The only thing worse than losing a big smallmouth bass is having to willfully release one. That’s going to happen a lot this week, as Geico Bassmaster Classic presented by DICK"S Sporting Goods anglers wrestle with the local regulation requiring legal smallmouth to measure at least 18 inches.
Most of the time, a smallie measuring 17 1/2, maybe 17 3/4 is going to a ride. But that’s not gonna do it here on the Tennessee River’s Classic waters.
So, will it be worth it for anglers to spend time proactively seeking the smallmouth bite? We asked three brown fish specialists and each answered with an emphatic “Yes!”
Adrian Avena: The New Jersey angler’s no stranger to smallmouth, but he thinks the weather outlook will factor into the viability of smallmouth pursuits.
“I honestly feel like the first day of the tournament is going to be the (best) smallmouth day,” he said. “The one thing I’ve learned as a northern guy is that northern smallmouth and TVA smallmouth are polar opposites.
“We’ll have the tail end of a cold on day one and it will blow through as the tournament progresses. During the weekend, it’s going to be post-front with a high-pressure system and I really feel like those smallmouth aren’t going to like it. So the guy who can capitalize and catch a few key smallmouth on day one can ride that through the weekend.”
Ultimately, Avena does not expect the tournament will not be dominated by either species. Rather, he believes it’s going to take a mixed bag to win the Classic.
“Everybody knows an 18-inch smallmouth is a quality fish, so some guys might use them as their kickers. It may take a couple of quality smallmouth and limit-filler largemouth. There are some better-than-average smallmouth in here, so the guy that can do both is the guy that excels in this tournament.”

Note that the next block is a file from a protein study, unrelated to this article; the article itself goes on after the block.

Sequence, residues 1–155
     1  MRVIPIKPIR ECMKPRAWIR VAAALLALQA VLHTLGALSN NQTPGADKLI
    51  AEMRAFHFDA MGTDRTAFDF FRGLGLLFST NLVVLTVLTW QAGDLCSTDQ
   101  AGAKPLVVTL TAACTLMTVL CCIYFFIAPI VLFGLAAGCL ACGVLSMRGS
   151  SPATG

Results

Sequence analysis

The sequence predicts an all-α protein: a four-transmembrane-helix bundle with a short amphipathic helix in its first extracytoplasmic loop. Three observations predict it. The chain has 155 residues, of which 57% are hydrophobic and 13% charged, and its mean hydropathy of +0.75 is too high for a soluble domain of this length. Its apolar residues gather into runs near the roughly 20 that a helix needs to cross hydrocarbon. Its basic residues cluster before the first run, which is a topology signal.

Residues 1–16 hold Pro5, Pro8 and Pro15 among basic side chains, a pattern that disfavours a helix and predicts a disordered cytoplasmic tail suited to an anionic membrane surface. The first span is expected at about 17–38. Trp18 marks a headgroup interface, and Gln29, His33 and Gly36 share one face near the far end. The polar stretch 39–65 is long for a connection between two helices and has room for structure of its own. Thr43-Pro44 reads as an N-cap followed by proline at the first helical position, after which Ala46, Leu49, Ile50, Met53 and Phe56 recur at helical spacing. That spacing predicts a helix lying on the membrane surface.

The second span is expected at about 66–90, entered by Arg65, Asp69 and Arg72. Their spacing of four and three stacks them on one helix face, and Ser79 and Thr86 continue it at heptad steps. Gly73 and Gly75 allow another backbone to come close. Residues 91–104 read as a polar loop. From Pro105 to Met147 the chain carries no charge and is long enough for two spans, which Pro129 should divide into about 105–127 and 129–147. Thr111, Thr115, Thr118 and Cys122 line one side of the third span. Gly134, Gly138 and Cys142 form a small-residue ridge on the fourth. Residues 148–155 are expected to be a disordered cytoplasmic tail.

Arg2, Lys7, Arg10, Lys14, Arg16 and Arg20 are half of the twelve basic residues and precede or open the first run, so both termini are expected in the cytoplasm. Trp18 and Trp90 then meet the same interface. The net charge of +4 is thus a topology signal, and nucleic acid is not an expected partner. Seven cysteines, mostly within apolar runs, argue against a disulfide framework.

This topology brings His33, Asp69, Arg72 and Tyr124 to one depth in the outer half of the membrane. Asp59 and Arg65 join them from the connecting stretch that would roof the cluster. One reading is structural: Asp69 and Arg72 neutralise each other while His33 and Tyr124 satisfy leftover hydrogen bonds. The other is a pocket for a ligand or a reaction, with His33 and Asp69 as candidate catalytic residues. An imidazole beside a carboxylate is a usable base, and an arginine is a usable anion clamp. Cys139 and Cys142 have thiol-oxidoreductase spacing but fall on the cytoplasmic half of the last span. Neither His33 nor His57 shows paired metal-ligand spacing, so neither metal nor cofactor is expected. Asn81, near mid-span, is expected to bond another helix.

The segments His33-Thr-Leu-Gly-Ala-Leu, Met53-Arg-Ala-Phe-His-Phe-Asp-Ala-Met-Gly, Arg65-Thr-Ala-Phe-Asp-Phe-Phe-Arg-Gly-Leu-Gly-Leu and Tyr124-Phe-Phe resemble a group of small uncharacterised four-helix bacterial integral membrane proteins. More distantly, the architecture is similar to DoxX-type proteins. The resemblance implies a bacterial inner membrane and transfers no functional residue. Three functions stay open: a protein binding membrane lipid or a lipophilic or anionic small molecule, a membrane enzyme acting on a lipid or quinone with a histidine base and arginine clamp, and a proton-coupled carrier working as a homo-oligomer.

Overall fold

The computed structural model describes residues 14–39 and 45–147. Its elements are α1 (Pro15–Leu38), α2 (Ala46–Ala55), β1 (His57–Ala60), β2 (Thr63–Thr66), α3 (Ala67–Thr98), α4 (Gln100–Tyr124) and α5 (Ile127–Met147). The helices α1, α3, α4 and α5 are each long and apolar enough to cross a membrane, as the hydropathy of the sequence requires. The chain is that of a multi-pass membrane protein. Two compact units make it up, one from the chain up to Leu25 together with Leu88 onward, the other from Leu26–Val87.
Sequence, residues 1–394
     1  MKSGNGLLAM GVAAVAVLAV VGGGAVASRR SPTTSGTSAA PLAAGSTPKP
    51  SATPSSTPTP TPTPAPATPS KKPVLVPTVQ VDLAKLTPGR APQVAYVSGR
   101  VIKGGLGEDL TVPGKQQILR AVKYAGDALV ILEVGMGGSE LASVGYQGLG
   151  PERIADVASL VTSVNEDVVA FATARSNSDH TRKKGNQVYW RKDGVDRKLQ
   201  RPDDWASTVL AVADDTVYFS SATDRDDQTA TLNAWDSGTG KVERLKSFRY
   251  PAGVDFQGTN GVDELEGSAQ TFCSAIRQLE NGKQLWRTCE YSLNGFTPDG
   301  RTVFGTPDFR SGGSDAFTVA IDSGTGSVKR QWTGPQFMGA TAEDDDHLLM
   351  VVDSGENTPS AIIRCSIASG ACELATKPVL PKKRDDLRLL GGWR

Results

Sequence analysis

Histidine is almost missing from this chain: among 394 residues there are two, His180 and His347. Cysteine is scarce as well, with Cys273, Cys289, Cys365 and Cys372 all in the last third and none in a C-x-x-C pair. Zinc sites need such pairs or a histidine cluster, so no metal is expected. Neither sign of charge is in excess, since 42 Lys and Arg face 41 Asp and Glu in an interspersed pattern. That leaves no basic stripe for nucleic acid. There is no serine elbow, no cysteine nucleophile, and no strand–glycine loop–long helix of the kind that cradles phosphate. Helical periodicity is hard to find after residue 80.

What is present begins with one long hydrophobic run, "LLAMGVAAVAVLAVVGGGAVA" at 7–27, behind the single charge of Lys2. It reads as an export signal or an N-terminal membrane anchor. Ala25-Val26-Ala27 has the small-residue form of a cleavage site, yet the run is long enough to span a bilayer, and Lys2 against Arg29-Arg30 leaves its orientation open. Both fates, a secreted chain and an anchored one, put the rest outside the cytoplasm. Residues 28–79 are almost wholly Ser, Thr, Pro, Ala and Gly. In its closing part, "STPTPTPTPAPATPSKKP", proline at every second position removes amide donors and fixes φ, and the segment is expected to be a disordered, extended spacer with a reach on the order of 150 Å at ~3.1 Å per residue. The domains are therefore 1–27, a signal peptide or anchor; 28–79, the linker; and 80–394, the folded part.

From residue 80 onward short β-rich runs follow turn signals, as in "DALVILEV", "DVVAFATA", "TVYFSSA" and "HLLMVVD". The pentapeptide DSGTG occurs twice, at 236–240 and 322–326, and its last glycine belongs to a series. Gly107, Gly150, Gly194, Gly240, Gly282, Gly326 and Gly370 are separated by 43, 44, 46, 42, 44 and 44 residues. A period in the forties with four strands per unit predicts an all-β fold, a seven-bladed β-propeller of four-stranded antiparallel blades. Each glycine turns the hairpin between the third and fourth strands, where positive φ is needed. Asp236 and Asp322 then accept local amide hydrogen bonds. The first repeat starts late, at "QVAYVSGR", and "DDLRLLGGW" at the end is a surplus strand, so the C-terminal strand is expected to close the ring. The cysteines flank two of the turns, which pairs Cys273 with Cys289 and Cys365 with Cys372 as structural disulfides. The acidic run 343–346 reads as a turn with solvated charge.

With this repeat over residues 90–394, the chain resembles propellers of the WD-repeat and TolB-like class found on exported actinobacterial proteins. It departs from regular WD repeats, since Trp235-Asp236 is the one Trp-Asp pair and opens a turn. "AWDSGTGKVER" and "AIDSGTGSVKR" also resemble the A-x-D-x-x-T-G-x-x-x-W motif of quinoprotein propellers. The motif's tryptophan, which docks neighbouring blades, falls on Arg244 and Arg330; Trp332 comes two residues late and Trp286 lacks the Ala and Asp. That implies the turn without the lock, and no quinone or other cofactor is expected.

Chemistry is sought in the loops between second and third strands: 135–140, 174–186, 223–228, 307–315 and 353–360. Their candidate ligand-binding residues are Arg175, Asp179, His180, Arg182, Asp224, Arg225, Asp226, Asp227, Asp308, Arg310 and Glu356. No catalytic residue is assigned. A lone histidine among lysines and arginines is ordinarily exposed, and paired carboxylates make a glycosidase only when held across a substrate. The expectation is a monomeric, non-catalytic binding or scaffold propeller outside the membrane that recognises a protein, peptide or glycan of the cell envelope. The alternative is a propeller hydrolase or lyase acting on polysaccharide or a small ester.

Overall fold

Mike Iaconelli: “The smallmouth in this system are game-changers,” the 2003 Classic winner said. “There are risks, but with high risk comes high reward and I think that will be true here. I’ll go as far as to say the winner will have one to three smallmouth in his bag each day.
“When you catch an 18- to 22-incher, it’s going to weigh 4-5 pounds, so it’s definitely worth the risk. Will it hurt to throw back a 17 3/4 back? Oh, it will hurt — but it’s worth it to fish for big smallmouth.”
While Iaconelli believes that Big Fish honors will ultimately go to a largemouth, across the board, he expects to see far more 4-pound smallmouth than 4-pound largemouth.
Chris Zaldain: Having found several quality smallmouth in practice — including a 19-incher and one over 20 — the former Western stick, now based in Texas, said he’ll be focusing on big-fish habitat. Slinging a 3/8-ounce Santone Z-Spin with a hollow belly swimbait, Prominent points with current rips or wind exposure will be tops on his target list.
“On any river system, they set up on very obvious spots; but the problem is they move so much,” Zaldain said. “If you chose to target them, you may be running down the river and you see a point that looks good and you have to fish there. I may not have caught one in practice, but because smallmouth move around so much, there very well might be a 4- to 5-pounder waiting for you.”
Notably, Zaldain said his best smallmouth bites in practice came during colder times, so he’s actually more optimistic about the cold front’s effects. That being said, he’s prepared to manage the frustration of releasing nearly-legal smallmouth.
“A 17 1/2-inch smallmouth is a beautiful fish and it is a shame to throw something like that back, but you cannot let it get to you,” Zaldain said. “A 17 1/2-inch smallmouth is the exact same thing as a 9-inch smallmouth, in terms of a legal catch.
“So when I’m casting on that smallmouth-looking spot, I’m telling myself I’m looking for a giant smallmouth; I’m trophy fishing. You have to train yourself that a 17 1/2-inch smallmouth is worth absolutely nothing. You can’t let it affect you.”